http://uk.businessinsider.com/microsoft-ai-chatbot-zo-windows-spyware-tay-2017-7

Quote


When we asked "is windows 10 good," Zo replied with a familiar joke mocking Microsoft's operating system: "It's not a bug, it's a feature!' - Windows 8." We asked for more info, to which Zo bluntly replied: "Because it's Windows latest attempt at Spyware."


 

 jaclaz
 

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Windows 7 introduced odd bug in Command Prompt windows when it comes to Raster Fonts. With certain system locale setting (language for non-Unicode programs) and when session ID is higher than 1 (it increases each time user logs on), size 8x12 for Raster Fonts just disappears, so it falls back to 7x12. I don't know which languages exactly except Slovenian are effected. Looks like it was fixed in Win10.

Another interesting issue on older Windows versions, spewing events with IDs 500 and 501 - The Desktop Window Manager is experiencing heavy resource contention. My 8.1 machine generates them on approximately 1-hour interval. Didn't happen on Win10, same graphics driver version. Video RAM usage is always below 512 MB (have total of 2 GB), not doing anything 3D heavy, warnings persist even though no performance degradation is apparent. I also see them on my two virtual machines with Win 7 and 8.1, but not on Win10 one.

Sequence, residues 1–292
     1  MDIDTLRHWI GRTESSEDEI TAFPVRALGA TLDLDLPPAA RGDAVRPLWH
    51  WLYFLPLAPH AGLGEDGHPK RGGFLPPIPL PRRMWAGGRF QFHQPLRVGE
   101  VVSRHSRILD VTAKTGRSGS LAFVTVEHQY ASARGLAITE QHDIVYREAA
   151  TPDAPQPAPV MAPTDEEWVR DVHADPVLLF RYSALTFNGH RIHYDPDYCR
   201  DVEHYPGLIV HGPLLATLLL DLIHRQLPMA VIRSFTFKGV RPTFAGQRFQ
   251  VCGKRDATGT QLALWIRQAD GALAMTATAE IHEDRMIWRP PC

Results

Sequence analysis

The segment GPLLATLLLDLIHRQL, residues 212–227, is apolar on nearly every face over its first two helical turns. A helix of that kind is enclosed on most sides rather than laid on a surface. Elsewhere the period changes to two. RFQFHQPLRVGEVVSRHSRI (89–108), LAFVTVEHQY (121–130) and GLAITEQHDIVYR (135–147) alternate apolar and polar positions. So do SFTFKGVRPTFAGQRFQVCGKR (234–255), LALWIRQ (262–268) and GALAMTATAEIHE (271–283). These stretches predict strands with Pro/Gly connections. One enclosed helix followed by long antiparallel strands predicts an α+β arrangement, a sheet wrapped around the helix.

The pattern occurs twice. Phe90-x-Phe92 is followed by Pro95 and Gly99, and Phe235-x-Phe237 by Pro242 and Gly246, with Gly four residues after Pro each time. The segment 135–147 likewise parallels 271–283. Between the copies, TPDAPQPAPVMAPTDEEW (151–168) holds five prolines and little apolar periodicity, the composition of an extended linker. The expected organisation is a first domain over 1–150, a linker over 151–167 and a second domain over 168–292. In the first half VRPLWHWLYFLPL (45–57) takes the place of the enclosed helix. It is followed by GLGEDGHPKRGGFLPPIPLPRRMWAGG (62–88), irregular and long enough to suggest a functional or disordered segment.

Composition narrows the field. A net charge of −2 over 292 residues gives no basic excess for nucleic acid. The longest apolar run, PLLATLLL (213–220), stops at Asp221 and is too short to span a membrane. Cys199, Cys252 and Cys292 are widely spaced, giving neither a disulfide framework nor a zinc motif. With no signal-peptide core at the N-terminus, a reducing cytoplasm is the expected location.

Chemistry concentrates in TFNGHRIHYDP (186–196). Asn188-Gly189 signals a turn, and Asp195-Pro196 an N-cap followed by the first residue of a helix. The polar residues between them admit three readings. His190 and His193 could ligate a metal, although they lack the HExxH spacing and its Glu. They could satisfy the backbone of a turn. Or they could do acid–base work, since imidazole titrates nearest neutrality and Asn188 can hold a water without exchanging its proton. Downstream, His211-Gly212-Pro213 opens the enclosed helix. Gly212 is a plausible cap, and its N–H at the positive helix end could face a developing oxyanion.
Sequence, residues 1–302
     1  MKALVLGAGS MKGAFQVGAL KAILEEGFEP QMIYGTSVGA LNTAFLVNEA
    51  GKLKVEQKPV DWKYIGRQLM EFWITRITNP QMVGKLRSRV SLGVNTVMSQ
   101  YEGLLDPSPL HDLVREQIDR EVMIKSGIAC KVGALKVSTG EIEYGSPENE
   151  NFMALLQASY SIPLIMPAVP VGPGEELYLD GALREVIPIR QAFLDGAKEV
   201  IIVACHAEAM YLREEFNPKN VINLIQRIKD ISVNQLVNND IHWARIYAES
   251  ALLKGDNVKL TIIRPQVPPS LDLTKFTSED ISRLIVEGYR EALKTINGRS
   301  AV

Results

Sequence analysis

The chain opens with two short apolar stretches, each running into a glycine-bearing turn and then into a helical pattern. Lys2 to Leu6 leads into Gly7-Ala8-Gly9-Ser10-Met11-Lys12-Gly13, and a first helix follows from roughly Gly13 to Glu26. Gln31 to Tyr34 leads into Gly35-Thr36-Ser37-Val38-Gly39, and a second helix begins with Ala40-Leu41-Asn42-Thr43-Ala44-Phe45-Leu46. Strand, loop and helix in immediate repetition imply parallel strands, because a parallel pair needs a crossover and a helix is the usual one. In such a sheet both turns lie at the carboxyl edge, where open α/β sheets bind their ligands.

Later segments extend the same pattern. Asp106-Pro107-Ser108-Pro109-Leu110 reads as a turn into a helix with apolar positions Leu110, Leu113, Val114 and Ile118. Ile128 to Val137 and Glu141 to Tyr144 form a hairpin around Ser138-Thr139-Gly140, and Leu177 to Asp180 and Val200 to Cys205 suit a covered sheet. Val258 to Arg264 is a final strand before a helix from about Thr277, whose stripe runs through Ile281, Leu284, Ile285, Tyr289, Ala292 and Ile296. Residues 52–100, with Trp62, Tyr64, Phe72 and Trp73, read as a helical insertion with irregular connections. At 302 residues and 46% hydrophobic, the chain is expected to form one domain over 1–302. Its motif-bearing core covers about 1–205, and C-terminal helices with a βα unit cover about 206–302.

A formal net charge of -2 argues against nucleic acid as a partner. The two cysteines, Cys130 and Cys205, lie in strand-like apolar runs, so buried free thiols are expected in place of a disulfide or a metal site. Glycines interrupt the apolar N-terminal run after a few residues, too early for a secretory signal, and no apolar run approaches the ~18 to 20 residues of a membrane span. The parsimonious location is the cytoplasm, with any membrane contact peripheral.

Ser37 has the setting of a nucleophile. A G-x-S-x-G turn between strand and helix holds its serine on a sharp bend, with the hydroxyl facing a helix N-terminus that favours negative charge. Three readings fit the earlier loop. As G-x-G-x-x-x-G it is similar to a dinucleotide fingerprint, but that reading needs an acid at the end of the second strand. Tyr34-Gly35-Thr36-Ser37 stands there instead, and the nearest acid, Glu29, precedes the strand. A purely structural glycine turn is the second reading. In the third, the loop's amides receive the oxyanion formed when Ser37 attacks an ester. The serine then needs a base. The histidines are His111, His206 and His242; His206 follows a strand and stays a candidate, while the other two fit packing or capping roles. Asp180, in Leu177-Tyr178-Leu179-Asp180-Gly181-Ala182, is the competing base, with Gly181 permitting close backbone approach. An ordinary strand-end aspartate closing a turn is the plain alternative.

On with the bad news, someone noticed another performance issue: https://stackoverflow.com/questions/45024029/windows-10-poor-performance-compared-to-windows-7-page-fault-handling-is-not-sc

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11 hours ago, UCyborg said:

Windows 7 introduced odd bug in Command Prompt windows when it comes to Raster Fonts. With certain system locale setting (language for non-Unicode programs) and when session ID is higher than 1 (it increases each time user logs on), size 8x12 for Raster Fonts just disappears, so it falls back to 7x12. I don't know which languages exactly except Slovenian are effected. Looks like it was fixed in Win10.

Another interesting issue on older Windows versions, spewing events with IDs 500 and 501 - The Desktop Window Manager is experiencing heavy resource contention. My 8.1 machine generates them on approximately 1-hour interval. Didn't happen on Win10, same graphics driver version. Video RAM usage is always below 512 MB (have total of 2 GB), not doing anything 3D heavy, warnings persist even though no performance degradation is apparent. I also see them on my two virtual machines with Win 7 and 8.1, but not on Win10 one.